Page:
Cementing Grand Teton National Park

  • Nature, Animals & Parks
  • 1949

Almost from the time that Yellowstone was established as our first national park, there was interest in extending its boundaries south to include the toothy Grand Teton peaks and the lovely valley and lakes that lay at their feet. But the valley had economic uses that made it harder to set aside than the surrounding mountain regions. So when Congress designated a Grand Teton National Park in 1929, the boundary stopped at the foot of the peaks. John Rockefeller Jr. had visited the Teton valley several times, including in 1924 with three of his sons and in 1926 with his wife. He noted not only that the mountains “are seen at their best from the Jackson Hole valley,” but that the valley “is the natural and necessary feeding place for the game which inhabits Yellowstone Park and the surrounding regions.” Rockefeller was disappointed to find power lines and ramshackle buildings springing up in the beautiful area along the foot of the mountains, so he empowered local agents to begin buying up property (anonymously) from willing sellers in the valley. He spent $18 million to purchase and maintain tens of thousands of acres which he finally donated to the Park Service in 1949. A newly expanded 310,000 acre Grand Teton National Park was signed into law in 1950, encompassing all the large alpine lakes and crucial parts of the Snake River valley.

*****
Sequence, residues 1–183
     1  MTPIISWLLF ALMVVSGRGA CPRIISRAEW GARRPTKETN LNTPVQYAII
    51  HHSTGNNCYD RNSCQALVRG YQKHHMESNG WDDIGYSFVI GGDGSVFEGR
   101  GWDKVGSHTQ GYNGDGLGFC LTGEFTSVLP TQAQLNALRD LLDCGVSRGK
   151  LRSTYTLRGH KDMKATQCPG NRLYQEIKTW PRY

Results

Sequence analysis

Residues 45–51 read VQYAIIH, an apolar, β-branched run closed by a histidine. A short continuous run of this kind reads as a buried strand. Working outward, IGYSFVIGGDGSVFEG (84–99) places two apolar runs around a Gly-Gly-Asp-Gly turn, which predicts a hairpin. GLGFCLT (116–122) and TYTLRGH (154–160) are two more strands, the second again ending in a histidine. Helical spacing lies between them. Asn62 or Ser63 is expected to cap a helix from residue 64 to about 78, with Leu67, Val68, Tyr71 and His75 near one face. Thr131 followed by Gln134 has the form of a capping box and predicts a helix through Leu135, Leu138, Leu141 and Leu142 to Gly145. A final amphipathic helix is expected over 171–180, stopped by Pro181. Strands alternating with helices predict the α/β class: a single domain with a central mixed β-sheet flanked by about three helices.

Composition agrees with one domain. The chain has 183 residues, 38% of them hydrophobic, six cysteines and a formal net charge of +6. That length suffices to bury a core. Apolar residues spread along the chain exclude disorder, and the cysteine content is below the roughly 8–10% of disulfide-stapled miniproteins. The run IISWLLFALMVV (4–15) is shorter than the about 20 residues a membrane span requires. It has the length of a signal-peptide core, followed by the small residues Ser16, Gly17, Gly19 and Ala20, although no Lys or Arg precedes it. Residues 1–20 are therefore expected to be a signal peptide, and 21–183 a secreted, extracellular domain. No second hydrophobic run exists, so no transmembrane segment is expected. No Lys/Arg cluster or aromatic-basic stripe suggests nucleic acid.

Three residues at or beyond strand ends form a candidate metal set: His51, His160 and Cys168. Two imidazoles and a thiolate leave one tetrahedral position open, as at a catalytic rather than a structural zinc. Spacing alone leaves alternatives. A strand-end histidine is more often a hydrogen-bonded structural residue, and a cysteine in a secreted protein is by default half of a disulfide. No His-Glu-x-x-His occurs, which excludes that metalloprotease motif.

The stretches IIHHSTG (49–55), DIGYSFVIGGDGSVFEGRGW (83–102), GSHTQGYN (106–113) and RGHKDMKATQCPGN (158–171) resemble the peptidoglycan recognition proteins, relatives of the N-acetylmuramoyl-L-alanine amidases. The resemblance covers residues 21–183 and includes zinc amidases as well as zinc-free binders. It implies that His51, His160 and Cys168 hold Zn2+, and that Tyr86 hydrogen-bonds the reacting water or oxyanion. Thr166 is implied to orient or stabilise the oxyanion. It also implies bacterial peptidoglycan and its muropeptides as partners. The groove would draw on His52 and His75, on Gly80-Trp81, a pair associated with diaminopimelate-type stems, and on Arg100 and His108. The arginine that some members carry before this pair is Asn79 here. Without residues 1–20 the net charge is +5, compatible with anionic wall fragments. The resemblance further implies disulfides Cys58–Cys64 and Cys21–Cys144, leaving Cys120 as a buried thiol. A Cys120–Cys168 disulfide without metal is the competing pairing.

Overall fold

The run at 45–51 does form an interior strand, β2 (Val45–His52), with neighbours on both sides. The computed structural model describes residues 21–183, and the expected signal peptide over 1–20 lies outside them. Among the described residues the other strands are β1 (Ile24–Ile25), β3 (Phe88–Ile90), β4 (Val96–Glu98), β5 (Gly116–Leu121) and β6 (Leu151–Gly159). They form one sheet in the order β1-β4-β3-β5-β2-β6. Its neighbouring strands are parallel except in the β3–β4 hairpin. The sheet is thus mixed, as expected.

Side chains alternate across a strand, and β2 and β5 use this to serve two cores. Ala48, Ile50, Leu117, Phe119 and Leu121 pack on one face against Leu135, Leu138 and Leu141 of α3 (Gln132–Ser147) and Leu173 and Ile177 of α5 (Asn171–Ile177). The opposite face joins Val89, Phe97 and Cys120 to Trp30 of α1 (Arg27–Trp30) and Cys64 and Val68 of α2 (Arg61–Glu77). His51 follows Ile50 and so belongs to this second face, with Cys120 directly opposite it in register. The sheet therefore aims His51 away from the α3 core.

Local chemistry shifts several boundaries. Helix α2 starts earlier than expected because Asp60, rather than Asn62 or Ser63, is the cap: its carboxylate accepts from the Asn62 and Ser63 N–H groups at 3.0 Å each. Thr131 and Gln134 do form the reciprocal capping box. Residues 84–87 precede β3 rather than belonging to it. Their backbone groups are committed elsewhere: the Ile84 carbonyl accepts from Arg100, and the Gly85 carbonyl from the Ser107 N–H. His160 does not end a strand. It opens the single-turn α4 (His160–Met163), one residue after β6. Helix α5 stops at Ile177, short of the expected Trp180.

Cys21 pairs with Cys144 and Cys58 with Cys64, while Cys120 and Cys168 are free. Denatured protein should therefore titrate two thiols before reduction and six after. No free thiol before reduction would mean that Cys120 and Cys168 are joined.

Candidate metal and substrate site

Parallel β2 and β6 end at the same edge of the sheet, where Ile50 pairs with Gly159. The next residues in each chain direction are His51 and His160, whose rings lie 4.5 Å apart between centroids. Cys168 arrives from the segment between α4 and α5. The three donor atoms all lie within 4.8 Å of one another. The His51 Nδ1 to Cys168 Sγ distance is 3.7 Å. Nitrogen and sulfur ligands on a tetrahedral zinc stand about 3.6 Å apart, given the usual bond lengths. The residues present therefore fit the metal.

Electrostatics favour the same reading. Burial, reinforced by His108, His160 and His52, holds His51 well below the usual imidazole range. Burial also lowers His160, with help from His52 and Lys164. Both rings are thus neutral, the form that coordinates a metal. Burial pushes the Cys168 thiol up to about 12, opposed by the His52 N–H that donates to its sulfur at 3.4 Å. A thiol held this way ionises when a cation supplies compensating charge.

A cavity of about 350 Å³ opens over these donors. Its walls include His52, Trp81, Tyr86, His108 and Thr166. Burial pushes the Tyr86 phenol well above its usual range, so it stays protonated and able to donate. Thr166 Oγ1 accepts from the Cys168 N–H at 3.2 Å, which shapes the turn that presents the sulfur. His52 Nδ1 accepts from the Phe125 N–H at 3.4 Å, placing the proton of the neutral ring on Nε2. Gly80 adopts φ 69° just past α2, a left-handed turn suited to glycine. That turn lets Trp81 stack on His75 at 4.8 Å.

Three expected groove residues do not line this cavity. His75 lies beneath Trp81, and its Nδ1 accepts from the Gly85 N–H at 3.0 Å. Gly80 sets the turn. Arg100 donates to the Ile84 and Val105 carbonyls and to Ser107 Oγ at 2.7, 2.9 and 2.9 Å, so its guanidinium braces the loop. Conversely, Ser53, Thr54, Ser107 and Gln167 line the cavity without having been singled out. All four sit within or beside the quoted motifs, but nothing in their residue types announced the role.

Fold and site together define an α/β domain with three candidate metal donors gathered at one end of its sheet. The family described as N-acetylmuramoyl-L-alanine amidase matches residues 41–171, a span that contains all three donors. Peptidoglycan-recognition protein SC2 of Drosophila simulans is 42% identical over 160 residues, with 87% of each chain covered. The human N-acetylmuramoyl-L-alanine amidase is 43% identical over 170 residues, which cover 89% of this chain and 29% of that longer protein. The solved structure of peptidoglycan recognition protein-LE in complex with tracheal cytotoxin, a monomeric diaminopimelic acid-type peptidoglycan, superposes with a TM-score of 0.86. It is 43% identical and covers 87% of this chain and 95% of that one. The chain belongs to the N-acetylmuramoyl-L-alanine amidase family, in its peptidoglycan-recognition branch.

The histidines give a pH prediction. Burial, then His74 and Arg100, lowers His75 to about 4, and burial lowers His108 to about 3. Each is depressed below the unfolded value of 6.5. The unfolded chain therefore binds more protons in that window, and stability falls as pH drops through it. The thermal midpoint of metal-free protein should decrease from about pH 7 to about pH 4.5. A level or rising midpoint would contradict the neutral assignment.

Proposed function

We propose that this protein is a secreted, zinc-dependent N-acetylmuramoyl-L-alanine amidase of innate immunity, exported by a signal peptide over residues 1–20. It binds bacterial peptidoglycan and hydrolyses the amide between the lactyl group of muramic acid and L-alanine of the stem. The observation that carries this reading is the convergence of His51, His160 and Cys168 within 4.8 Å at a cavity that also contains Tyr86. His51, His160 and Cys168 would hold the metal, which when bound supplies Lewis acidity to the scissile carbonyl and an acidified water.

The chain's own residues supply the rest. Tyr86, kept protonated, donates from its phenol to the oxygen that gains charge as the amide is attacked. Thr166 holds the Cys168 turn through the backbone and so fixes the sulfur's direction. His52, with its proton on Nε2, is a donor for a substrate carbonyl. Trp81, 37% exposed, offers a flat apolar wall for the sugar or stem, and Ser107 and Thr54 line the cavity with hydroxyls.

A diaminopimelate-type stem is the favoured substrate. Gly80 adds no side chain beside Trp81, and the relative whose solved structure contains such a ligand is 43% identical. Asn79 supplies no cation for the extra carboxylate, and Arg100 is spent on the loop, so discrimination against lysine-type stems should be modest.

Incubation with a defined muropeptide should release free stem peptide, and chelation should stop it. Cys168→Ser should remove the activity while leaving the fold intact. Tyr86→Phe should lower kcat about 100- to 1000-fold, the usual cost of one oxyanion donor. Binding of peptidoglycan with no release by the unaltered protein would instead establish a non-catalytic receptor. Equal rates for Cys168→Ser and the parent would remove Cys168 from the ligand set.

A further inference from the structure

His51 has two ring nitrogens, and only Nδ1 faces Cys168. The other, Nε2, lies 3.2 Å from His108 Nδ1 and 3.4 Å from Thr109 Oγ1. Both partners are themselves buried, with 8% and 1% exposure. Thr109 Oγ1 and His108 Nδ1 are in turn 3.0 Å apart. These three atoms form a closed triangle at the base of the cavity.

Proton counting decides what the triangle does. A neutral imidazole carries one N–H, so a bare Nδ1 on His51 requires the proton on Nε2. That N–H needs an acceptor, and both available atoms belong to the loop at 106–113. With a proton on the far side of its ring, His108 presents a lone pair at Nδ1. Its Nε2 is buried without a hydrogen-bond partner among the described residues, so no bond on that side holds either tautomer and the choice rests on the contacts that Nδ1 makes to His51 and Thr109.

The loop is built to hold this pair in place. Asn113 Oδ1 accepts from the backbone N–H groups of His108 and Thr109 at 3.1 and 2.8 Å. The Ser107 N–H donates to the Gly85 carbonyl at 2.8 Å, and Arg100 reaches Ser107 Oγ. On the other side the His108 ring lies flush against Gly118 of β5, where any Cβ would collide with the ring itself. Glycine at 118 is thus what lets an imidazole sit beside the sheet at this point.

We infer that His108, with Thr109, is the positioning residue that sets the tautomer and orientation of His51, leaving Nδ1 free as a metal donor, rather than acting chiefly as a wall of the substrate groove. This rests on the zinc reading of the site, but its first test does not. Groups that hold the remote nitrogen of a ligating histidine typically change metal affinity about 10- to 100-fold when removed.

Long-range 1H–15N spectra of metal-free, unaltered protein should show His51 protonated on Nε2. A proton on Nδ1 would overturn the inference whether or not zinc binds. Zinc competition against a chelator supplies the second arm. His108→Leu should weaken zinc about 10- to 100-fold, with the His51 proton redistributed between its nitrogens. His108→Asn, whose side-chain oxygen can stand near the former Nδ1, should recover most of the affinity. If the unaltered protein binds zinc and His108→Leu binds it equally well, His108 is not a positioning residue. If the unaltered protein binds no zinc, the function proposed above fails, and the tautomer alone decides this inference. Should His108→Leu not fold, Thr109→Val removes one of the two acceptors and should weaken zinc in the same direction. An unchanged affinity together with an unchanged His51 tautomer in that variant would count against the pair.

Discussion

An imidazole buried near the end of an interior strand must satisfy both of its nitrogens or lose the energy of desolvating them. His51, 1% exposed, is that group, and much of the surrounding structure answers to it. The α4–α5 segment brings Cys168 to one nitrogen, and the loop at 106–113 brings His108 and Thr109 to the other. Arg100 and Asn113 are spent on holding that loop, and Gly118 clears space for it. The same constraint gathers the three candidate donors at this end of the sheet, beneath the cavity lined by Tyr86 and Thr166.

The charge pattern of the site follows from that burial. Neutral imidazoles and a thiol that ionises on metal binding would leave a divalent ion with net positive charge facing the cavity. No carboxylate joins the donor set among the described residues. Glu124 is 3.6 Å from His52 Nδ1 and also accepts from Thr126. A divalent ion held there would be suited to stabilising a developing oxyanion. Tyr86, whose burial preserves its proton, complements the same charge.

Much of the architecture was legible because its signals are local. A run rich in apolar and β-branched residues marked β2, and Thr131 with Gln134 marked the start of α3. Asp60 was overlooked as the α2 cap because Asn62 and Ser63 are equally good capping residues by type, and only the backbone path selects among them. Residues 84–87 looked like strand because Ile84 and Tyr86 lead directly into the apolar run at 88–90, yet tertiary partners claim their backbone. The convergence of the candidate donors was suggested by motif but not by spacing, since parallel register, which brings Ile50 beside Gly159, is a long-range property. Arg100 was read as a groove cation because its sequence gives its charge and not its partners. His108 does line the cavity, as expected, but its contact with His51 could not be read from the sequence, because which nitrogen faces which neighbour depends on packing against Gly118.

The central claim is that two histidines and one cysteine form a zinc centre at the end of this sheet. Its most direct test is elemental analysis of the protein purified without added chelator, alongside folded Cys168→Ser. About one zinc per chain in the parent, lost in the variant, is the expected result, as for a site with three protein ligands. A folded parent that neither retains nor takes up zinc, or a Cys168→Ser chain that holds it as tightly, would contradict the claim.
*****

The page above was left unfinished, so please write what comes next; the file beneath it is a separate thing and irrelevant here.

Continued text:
In 2008, a final 1,100 acres of Rockefeller-owned land bordering Phelps Lake was opened to the public. The pristine Laurance Rockefeller Preserve includes an impressive visitor center and hiking-trail network funded by more than $20 million of donations from this third generation of the philanthropic family. Park officials estimate the Phelps Lake land alone to be worth $160 million, making this one of the most valuable gifts in the history of our park system.